Four generations to snail Armageddon

June 2015

Photo Creative Commons
A recent publication has just blown yet another hole in the 'Roundup is safe for animals' myth.

In Egypt, the equivalent product to Roundup is 'Herfosate'. Herfosate is made up of 48% glyphosate herbicide and 52% 'inert' ingredients needed to allow the glyphosate to penetrate plant cells. 

Such glyphosate-based herbicides are widely used to control weeds in fields of GM glyphosate-resistant crops as well as for pre-planting field-clearance, pre-harvest dry-down, waterway clearance, and weed-control in urban public areas and private gardens. A proportion of the spray ends up in surrounding areas, in the soil and in drainage water.

The assumption that a chemical which targets a plant-specific biochemical pathway can't harm animals has diverted attention away from environmental issue but gradually the science is being done.

Snails are a useful 'bioindicator' because their health reflects the quality of the ecosystem. Due to their body structure, their habitat, and how they move and feed, snails are very intimately exposed to the water and to the plants in their environment.

An Egyptian team of scientists has investigated the effects of Herfosate on a common freshwater snail. The snails were exposed to the herbicide at a border-line toxic level (those found to kill one quarter of them within 24 hours).

After a 2-week exposure, the tissues of the surviving snails were analysed, revealing clear toxic responses which the animals weren't able to neutralise. These included toxic stress-markers, high energy demand, protein degradation, liver damage and cell death. A significant reduction in DNA and in RNA (the molecules generated by DNA in the process of making proteins) was noted.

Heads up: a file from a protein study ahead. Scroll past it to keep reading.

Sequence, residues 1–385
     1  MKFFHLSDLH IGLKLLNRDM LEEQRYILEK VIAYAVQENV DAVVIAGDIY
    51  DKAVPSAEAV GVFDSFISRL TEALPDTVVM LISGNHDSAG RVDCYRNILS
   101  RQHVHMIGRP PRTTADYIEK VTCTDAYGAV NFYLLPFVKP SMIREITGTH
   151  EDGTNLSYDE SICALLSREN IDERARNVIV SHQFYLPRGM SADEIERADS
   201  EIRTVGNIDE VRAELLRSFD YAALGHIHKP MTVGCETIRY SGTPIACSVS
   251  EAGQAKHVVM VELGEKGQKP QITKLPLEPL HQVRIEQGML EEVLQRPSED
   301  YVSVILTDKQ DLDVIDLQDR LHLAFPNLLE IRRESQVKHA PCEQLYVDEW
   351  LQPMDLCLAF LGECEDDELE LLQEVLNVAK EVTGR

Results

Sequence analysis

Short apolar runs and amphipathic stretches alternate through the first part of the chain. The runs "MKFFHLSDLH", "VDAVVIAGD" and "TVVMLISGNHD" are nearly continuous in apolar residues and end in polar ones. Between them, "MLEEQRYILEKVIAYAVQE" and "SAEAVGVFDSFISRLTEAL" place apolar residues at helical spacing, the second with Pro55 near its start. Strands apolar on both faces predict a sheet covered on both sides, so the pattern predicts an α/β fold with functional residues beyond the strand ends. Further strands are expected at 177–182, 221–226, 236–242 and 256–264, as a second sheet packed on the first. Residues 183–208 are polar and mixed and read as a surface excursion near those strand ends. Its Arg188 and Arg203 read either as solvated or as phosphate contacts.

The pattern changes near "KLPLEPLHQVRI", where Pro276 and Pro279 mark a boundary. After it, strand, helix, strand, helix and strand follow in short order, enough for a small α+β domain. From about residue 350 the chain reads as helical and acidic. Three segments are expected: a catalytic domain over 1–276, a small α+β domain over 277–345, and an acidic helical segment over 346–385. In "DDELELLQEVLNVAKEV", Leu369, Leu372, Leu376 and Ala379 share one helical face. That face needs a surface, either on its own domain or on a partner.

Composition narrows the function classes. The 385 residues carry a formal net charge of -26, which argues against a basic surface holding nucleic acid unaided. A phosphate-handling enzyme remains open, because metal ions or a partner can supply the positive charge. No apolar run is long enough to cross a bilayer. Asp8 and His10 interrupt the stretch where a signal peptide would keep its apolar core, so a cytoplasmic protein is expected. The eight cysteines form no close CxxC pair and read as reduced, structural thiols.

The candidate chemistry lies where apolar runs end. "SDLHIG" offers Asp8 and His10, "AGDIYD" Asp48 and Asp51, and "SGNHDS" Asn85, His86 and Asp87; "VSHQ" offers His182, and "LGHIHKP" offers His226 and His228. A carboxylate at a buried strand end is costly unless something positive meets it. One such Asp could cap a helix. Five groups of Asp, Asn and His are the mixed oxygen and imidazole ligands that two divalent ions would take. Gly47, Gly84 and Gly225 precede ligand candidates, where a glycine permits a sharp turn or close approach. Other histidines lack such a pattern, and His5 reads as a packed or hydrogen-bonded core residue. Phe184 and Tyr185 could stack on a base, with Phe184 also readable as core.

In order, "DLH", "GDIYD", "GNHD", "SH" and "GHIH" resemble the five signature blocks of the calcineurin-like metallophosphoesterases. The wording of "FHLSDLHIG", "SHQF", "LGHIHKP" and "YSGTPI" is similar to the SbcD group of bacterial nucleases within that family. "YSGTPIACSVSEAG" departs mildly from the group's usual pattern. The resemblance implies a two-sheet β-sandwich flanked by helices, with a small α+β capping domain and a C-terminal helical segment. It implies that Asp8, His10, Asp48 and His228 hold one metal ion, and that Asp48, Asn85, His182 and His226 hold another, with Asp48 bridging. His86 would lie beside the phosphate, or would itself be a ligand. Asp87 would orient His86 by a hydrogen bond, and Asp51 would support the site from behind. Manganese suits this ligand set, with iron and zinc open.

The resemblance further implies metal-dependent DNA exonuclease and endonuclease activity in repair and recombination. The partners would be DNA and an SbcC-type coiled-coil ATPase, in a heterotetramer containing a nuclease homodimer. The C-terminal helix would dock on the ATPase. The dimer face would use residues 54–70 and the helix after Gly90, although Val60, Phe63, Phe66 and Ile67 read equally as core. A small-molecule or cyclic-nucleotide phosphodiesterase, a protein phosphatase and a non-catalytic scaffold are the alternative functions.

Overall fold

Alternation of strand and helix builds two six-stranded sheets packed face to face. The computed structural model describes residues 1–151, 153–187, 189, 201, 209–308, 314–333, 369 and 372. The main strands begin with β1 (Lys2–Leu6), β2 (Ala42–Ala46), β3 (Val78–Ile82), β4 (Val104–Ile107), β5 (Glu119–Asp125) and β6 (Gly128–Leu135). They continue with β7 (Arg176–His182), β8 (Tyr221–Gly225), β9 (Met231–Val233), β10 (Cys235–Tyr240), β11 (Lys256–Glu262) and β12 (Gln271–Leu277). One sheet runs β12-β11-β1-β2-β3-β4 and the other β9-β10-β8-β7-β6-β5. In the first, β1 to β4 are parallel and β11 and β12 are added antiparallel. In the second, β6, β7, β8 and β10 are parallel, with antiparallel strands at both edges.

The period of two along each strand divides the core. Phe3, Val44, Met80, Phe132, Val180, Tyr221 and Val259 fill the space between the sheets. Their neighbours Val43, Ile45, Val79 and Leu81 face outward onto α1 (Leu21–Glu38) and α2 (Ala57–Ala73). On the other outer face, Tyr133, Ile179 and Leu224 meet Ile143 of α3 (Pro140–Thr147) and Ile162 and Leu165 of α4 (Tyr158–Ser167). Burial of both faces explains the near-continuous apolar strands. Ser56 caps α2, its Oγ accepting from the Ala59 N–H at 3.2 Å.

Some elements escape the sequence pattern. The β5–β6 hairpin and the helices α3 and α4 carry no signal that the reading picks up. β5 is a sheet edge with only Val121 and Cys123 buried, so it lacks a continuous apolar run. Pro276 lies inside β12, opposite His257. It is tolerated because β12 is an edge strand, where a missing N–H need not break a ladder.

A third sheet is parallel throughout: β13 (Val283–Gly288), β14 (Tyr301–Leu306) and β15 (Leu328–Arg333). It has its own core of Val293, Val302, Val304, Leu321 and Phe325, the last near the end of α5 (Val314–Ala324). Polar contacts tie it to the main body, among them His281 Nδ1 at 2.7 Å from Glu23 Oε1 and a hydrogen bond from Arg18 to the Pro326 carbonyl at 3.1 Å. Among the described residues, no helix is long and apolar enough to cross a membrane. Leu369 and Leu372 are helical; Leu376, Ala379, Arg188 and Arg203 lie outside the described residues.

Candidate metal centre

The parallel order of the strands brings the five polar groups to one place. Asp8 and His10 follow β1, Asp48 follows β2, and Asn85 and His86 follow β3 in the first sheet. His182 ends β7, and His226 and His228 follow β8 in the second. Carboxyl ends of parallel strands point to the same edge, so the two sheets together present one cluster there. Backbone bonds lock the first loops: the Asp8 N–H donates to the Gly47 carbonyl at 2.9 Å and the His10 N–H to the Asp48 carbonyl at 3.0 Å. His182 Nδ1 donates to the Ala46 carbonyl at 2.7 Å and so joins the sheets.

The Egyptian team also investigated the possibility of cumulative DNA damage due to Herfosate. Snails were bred for four generations during which time each generation was treated with the herbicide for a fortnight. Analysis of their DNA at the end of the fortnight revealed small changes in the DNA profiles of the first three generations. However, the fourth generation showed marked structural damage in all of the four sections of DNA analysed. 

The authors remarked on a visible loss of some 45% of DNA fragments which may have been due to actual gene loss or due to epigenetic (gene-associated) changes known to interfere with the analytical technique. Either way, significant changes in gene functions are indicated.


Snails aren't humans, but we're both animals and have a great deal of cell structure and function in common. The possible implications of this experiment to the health of our environment and of our great grand-children shouldn't be ignored.

Fayez A. Bakry, et al., 2015, Glyphosate herbicide induces genotoxic effect and physiological disturbances in Bulinus truncatus snails, Pesticide Biochemistry and Physiology, online January 2015

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